In the news this week, we have more Uber scams to be on the lookout for, as well as the news about an actual Uber and Lyft challenger in San Francisco! There’s also an Instacart settlement in DC and more in this week’s Weekly Round-Up with senior RSG contributor Paula Lemar.
DC Instacart Drivers Owed Thousands in Refunds After Settlement
Thousands of local Instacart drivers are owed a refund following a settlement the D.C. Attorney General’s Office reached with the delivery service, but only 50 have filed a claim so far.
In 2020 the attorney general sued Instacart for misleading consumers about service fees and failing to pass the full amount of tips left by consumers to the workers. Instacart paid a $1.5 million penalty to resolve the lawsuit.
“Our lawsuit revealed and was based on the fact that Instacart was charging people for fees, leading people to believe those fees were going to the drivers who were delivering meals when in fact those fees were going back to Instacart, which was a violation of our consumer protection laws,” Attorney General Brian L. Schwalb said.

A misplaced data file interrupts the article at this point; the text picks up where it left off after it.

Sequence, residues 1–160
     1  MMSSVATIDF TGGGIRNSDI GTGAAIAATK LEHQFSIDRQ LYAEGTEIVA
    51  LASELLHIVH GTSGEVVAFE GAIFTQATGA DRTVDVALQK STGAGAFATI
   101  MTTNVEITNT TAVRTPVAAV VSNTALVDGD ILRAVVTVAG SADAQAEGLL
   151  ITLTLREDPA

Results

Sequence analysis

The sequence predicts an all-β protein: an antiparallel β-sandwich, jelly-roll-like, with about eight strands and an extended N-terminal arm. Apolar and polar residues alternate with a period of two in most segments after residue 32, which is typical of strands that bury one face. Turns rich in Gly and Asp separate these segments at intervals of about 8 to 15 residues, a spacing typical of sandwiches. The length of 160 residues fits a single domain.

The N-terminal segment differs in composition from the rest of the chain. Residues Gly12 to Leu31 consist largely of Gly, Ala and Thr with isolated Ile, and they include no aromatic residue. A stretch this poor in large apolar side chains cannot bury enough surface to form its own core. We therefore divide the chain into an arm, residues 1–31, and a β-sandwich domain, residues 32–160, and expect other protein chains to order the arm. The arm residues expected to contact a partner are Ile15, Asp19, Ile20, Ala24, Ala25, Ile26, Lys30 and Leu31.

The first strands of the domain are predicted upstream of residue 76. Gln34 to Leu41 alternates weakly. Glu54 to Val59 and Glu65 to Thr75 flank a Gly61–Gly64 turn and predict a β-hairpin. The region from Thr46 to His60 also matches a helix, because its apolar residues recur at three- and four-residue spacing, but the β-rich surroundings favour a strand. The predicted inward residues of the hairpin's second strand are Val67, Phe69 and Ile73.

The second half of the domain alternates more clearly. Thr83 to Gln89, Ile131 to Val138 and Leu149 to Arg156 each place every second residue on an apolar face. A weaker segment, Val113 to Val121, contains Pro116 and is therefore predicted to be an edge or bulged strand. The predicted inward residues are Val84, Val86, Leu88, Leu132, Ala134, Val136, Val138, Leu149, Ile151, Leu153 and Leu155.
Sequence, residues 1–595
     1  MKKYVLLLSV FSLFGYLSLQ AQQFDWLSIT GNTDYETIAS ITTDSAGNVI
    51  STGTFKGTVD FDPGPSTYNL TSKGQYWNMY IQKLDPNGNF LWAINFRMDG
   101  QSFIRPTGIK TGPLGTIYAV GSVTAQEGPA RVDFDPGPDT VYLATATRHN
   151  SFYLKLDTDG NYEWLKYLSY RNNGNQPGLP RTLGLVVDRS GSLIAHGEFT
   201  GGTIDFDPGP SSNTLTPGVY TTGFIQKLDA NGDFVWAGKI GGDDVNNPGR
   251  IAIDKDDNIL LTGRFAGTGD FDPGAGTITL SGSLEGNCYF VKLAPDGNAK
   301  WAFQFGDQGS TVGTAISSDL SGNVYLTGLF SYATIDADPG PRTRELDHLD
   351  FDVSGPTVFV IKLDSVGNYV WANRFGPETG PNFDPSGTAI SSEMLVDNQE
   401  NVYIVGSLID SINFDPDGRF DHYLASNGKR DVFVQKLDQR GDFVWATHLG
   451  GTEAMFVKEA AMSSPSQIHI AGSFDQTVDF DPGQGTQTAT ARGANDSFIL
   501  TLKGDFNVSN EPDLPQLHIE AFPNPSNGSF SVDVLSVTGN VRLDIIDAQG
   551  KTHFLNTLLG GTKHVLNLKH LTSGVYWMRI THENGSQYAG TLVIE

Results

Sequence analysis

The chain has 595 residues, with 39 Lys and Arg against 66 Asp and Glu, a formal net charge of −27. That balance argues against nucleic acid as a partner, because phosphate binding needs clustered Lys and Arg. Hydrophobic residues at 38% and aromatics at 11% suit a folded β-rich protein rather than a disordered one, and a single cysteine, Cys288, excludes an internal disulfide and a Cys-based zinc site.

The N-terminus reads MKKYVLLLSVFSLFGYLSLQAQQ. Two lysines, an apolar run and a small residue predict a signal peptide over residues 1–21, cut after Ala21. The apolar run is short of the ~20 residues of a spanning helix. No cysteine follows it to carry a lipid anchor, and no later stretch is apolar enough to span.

Full-service Instacart workers who made deliveries in D.C. between Oct. 1, 2016, through April 30, 2018, could receive refunds of $150 or more depending on how long they worked for Instacart and how many deliveries they made. The attorney general’s office believes there are possibly 10,000 eligible claimants, but they only have until Saturday to file a claim online. Those who file will be asked for proof of when they worked….
If you were a driver for Instacart in DC between Oct. 1, 2016, and April 30, 2018, you could be eligible for compensation, and you must file IMMEDIATELY.
Keep an eye out for local settlements that you might be eligible for, and take advantage.
According to the article, you only have until today, Saturday, March 25, 2023, to file!
DoorDash Announces New Retail Partnerships and Shopping Features to Help Consumers Get What They Need Now
Over the past several years, we have drastically accelerated our growth beyond restaurants to meet evolving consumer needs and expectations for convenience.